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Susan Lynn Reynolds

Toronto, HarperCollins, 1991. 277pp, cloth, $16.95
ISBN 0-00-223590-0, CIP

Grades 6 and up/Ages 11 and up
Reviewed by Dave Jenkinson

Volume 20 Number 1
1992 January

Divided into three parts, Strandia, a fantasy and Reynolds' first novel, tells the compelling story of a teenager. Sand, in search of her identity. Part One, 'The Island," reveals Sand's membership in an island society in which some women, who seemingly have a special relation­ship with the mythical Sea Mother, possess a talent that enables them to call dolphins to drive fish into their families' nets. Over the years, this talent has led to Strandia's peoples becoming socially and economically divided. The ruling class, families whose women possess the talent, owns the shoreline while the Mid islanders must pay rent to fish off the beaches.

Against her wishes and for a record bride-price. Sand is to marry the arrogant Tamin. By pretending she has no power. Sand avoids marriage, but, having disgraced her family, she leaves home and ultimately comes to live among the Midislanders, where a boatbuilder, Berran, falls in love with her. An angry Tamin, claiming that Sand had tried to cheat his family, has her pursued by the island's priests, who, after capturing her, set her adrift during a storm. If the Sea Mother judges her innocent, the boat will drift ashore; death will affirm guilt.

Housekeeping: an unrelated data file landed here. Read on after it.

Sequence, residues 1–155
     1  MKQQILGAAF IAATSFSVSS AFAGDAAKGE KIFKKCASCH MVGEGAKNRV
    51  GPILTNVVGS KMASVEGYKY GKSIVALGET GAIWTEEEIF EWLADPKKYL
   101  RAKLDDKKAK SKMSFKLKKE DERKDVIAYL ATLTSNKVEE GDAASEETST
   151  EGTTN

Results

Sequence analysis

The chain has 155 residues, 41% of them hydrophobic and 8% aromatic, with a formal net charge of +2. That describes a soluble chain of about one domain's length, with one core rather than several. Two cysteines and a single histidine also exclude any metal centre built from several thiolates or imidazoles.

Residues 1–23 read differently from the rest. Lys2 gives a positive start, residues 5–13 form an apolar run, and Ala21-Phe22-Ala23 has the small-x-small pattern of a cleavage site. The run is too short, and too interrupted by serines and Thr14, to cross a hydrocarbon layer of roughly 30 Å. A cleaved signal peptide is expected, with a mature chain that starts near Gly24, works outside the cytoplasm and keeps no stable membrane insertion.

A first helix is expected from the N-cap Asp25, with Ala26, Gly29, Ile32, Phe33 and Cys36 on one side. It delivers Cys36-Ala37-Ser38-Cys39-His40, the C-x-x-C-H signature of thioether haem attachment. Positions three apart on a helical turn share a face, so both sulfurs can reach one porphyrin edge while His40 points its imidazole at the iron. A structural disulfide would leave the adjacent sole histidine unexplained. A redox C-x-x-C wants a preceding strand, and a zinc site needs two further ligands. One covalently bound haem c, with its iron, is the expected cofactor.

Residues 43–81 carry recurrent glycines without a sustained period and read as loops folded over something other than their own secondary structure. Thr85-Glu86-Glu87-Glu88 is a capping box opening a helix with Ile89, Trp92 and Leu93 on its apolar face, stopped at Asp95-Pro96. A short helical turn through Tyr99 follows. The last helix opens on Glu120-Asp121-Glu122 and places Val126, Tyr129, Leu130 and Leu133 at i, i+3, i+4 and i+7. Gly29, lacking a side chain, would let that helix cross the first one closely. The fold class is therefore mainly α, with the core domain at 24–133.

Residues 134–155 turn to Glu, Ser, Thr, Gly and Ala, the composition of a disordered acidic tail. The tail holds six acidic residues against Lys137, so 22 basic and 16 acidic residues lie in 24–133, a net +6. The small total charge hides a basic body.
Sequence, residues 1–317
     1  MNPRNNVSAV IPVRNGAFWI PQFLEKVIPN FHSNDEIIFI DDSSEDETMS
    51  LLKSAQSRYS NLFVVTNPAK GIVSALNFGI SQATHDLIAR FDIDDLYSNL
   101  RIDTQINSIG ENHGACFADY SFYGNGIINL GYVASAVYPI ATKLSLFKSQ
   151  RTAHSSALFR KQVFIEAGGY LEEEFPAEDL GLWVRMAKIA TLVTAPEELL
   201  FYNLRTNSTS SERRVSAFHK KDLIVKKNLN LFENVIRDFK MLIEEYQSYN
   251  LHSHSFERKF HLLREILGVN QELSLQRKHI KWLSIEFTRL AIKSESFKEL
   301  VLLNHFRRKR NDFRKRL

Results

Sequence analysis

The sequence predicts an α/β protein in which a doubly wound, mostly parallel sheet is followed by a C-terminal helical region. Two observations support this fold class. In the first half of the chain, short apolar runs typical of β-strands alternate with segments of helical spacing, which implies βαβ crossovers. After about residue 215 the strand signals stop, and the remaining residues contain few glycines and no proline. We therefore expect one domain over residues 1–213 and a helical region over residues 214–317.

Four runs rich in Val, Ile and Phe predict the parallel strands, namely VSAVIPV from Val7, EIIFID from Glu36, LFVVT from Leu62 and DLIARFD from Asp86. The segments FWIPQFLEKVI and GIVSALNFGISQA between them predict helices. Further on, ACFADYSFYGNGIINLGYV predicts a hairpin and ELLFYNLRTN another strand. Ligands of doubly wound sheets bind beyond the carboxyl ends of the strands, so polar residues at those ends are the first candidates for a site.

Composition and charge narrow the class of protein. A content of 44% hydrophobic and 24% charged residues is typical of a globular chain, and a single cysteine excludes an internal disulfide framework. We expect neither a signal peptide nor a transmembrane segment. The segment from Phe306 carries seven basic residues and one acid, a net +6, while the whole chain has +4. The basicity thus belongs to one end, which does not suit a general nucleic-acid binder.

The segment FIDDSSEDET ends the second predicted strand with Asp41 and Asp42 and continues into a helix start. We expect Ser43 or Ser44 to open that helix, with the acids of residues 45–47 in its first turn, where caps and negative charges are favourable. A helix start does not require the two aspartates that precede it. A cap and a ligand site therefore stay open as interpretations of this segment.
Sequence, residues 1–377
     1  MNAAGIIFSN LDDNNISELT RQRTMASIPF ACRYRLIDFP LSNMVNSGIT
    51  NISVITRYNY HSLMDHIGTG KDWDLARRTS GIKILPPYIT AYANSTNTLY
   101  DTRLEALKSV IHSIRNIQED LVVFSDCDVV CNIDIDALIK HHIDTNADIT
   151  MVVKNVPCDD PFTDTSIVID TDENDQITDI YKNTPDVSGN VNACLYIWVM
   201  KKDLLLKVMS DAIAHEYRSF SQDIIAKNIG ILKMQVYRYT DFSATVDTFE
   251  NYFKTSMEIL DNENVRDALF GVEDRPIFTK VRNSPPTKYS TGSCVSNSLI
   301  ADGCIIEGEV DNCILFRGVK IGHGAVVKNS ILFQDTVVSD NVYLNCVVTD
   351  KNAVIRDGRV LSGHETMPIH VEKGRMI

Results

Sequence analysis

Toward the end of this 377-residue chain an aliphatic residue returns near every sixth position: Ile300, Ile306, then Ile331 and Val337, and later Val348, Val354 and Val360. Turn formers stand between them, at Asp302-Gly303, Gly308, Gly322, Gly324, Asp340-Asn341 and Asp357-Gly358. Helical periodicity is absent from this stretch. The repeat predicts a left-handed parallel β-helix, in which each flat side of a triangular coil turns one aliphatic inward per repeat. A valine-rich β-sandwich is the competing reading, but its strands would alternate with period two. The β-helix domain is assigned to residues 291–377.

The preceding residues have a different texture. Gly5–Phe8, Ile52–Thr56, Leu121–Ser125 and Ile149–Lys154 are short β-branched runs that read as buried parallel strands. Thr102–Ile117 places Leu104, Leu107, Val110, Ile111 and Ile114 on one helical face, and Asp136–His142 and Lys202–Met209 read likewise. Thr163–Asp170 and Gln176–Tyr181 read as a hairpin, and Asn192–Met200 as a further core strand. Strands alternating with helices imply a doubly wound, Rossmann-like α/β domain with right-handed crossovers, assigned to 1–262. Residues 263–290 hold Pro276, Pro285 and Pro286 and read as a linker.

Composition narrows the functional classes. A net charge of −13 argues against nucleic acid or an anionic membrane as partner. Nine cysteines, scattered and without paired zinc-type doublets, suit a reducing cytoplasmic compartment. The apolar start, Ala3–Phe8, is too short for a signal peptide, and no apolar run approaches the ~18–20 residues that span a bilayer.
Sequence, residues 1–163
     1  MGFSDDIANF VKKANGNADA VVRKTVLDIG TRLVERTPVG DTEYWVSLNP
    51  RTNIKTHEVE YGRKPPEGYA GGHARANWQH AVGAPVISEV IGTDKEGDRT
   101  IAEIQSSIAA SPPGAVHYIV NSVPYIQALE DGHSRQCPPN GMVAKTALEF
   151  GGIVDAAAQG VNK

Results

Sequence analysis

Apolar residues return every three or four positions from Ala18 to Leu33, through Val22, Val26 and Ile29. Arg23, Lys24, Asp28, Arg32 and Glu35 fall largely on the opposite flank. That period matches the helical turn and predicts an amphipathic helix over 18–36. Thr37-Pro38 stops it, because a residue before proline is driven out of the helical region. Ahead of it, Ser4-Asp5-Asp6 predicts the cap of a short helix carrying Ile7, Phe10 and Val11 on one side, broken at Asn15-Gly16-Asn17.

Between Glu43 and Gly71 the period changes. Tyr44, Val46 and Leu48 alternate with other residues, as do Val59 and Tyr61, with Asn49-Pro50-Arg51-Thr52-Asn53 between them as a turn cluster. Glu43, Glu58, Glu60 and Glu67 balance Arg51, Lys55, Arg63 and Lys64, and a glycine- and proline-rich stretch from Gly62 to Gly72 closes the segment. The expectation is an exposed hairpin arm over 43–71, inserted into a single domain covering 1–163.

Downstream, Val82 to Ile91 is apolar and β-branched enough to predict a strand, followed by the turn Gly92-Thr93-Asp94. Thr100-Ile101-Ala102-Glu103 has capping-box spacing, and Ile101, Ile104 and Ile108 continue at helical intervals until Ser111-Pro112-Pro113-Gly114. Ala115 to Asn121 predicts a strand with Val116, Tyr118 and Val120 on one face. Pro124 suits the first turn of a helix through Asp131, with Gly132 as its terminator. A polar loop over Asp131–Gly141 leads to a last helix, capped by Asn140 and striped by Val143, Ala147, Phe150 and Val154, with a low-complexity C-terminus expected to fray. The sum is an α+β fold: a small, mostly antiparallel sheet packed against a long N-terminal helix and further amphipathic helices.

In Part Two, "The Continent," a rescued Sand finds herself in a foreign land where another man, Renellus, shows romantic interest. While there, Sand learns that a "traveling" star's approach will cause tidal waves to roll over her native island. This knowledge, which Sand recognizes as conforming to Strandia's religious mythology, causes her, in Part Three, "The Sea," to return to Strandia to convince the people to seek safety on the water. With Strandia largely destroyed, the people get another opportunity to create a new, better social order.

Strandia offers much to its pre-teen and teenage audiences. In addition to a strong, venturesome story-line and good characterization, Reynolds presents her readers with numerous challenging questions on such issues as women's roles in society, the abuse of religious power, and the relationships, actual and ideal, between rich and poor. Finally, running throughout is Sand's close emotional relationship with M'ridan, one of the dolphins.

Dave Jenkinson, University of Manitoba, Winnipeg, Man.
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